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Microsoft’s Chief Accessibility Officer on how remote work can actually improve collaboration

Microsoft's Chief Accessibility Officer takes our questionnaire, in which designers share how they collaborate (and some work-life secrets).

Illustration by Anita Goldstein. Photograph by Christoph Neumann.

Profile picture of Lilly Smith


3 min read

In a new series, we’re asking lead designers across the industry to share their work life advice, design do’s and don’ts, and secrets to effective collaboration. Consider it our design take on the Proustian questionnaire, with the aim to give you insight on how top designers work and think about design in a time unlike any other. (And they might just spill a few work-life secrets along the way.)

Jenny Lay-Flurrie is the Chief Accessibility Officer at Microsoft, where she ensures every department, from product to UX design, is designing for accessibility and inclusivity. We "need developers to embed accessibility into their everything when it comes to website design," says Lay-Flurrie.

Here, she shares the benefits of hybrid work for people with disabilities, the best advice she’s ever received, and what design is to her (hint: opening doors for others).

What's the key to effective collaboration?

Listening and communicating.

What's the most surprising difference between in-office collaboration and remote?

Remote work created equity for people with disabilities, with technology aiding that. It also put a lens on the importance of accessibility.

Collaboration is most important to which part of the design process?

Collaboration is important throughout the entire process. Teams must work with and engage all voices to ensure inclusivity and empower all.

What's the one quality you always look for in a designer?

Being curious and having the ability to engage with peers, customers, communities, etc., to translate feedback and ideas into pragmatic solutions.

What’s your proudest moment?

Reflecting on how our disability community at Microsoft has been empowered. We recognize disability for what it is, which is an expertise in a talent pool, and this has opened many doors for the disability community throughout the industry.

What was your biggest learning moment?

Every day is a learning moment.

What was your biggest realization from the past year and half of working amid a pandemic?

Shifting to a virtual world (or hybrid) can create opportunities and benefits for the disability community for those that have access to tech and connectivity. And it’s been a joy to be a bigger part of my family’s life.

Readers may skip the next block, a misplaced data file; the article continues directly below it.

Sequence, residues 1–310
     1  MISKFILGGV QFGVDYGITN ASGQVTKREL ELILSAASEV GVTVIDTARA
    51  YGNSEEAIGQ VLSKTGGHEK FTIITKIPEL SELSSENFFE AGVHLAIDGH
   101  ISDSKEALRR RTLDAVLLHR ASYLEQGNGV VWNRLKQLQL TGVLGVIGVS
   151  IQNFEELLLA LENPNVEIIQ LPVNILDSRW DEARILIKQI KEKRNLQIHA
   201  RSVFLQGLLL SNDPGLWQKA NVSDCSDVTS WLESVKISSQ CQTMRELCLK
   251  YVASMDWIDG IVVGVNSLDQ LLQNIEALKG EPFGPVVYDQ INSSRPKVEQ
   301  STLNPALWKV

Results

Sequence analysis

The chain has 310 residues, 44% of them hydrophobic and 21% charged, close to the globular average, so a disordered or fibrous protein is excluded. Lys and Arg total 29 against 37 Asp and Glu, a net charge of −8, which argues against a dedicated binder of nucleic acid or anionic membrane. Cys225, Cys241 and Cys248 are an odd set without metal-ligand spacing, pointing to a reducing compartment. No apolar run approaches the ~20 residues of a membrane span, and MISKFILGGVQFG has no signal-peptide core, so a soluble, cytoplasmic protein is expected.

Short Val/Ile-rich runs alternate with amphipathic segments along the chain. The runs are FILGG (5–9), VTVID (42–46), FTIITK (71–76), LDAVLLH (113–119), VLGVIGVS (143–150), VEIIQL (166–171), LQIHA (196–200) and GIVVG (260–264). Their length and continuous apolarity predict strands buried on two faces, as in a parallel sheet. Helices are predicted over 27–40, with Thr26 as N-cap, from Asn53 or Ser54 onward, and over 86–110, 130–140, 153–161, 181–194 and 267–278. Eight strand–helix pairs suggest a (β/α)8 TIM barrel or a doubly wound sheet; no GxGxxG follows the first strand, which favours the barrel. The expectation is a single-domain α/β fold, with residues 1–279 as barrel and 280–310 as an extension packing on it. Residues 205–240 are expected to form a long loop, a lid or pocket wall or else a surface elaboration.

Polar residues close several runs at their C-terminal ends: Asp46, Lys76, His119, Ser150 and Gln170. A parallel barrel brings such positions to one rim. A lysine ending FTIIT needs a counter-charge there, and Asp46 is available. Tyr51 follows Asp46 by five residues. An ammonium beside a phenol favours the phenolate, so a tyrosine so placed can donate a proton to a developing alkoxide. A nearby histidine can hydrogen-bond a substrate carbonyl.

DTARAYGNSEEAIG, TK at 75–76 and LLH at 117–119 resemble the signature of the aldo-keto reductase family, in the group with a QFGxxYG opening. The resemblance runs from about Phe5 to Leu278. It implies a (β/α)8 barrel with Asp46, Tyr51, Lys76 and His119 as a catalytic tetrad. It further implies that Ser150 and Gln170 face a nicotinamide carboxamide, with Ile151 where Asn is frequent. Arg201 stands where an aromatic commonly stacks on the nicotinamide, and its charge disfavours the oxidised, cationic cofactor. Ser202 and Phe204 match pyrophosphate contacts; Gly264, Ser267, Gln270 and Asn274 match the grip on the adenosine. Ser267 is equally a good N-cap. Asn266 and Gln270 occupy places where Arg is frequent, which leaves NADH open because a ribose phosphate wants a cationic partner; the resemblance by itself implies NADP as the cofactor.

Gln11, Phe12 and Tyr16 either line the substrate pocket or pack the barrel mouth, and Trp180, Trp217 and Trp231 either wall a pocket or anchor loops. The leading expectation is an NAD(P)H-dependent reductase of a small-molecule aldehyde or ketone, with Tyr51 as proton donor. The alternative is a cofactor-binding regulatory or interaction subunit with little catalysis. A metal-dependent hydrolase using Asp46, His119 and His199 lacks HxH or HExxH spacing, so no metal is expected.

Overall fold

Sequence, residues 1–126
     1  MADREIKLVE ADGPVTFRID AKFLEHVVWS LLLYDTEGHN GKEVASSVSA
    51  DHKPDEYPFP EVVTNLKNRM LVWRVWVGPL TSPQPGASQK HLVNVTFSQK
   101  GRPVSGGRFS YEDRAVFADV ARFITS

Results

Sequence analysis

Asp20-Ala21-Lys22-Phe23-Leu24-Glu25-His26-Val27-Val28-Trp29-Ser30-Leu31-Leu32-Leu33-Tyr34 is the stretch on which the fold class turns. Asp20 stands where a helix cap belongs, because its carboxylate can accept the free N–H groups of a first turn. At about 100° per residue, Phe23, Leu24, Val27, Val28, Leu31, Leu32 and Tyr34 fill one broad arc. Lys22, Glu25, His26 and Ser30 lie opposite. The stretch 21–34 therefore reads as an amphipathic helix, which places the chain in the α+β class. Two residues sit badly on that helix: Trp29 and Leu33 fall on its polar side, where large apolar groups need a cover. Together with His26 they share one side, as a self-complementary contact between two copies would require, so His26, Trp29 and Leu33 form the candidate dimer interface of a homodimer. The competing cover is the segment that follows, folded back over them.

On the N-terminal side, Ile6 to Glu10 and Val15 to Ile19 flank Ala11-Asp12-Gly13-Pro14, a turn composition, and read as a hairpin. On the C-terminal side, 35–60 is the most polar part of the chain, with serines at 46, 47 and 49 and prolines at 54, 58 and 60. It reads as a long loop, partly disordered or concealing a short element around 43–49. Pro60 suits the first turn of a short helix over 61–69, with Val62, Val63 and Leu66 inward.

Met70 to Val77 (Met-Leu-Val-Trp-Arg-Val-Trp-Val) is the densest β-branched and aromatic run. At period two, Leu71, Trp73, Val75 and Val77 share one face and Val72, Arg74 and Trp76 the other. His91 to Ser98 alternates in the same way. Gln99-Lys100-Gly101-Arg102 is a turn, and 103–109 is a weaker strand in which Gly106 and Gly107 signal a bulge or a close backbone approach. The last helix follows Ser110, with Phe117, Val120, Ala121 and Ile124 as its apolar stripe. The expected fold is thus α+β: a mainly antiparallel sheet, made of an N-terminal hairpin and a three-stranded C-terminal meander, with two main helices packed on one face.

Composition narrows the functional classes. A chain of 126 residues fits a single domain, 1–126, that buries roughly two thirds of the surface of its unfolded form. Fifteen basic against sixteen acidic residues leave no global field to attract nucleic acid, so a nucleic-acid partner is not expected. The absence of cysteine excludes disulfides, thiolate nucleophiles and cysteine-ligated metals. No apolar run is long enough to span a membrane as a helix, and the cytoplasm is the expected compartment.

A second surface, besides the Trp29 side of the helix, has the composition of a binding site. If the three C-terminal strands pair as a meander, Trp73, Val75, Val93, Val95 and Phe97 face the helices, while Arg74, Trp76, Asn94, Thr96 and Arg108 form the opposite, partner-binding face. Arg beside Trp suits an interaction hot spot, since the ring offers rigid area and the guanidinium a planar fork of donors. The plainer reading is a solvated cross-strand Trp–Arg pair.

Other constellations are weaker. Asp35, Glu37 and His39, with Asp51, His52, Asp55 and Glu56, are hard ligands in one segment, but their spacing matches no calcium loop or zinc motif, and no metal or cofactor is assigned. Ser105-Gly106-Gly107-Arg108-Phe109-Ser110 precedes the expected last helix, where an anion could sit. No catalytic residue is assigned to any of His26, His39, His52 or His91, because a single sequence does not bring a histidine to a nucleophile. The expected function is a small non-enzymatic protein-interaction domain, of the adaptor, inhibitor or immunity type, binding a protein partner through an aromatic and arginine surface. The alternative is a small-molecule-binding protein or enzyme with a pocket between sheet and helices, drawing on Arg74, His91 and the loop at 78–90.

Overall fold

What’s your work mantra?

Work hard, play hard.

What's the best advice you’ve received? (From whom?)

Two moments standout – A boss in my early career told me to stop putting artificial ceilings on what I could achieve and limiting my capabilities as a result, he was right. And when I came to Microsoft, someone from HR said to view asking for help as a sign of strength, not a weakness. Both stopped me dead in my tracks and instrumental to where I am today.

What's a design you wish you thought of yourself?

Ember Coffee Cups!

What's your favorite question to ask during job interviews?

I’m nosey in interviews, I want to know more about and understand what you’ve done, what you want to be, and who you are as a person.

What's your favorite typeface?


How do you avoid team burnout?

Authenticate it, validate it, see it as real. Talk about it, embrace it, and strategize on how best to approach and tackle it. It is important to realize burnout and mental health is different for every human on the planet, and every team.

What's the song you listen to when you’re the most productive?

Either Shostakovich 10 or my favorite song right now, Broken Horses by Brandi Carlile.

A project from the past year that most excites you?

What keeps you up at night?

Making sure products (in any form) are designed inclusively, and have the right expertise, people and their insight grounding it.

What gets you up in the morning?

I’m irritatingly excited in the mornings cause there is so much to do to bridge the disability divide and solve social inequities for people with disabilities.

What’s a piece of advice you’d give your younger self?

Just go for it and be more like a goldfish.

Design isn’t…?

Closing doors to humans, especially people with disabilities.

Design is…?

Opening doors to inclusion, especially for diverse talent like people with disabilities.

If you enjoyed this interview, check out our piece with Wide Eye creative director Chris Montwill and WORTHI founder Myles Worthington.


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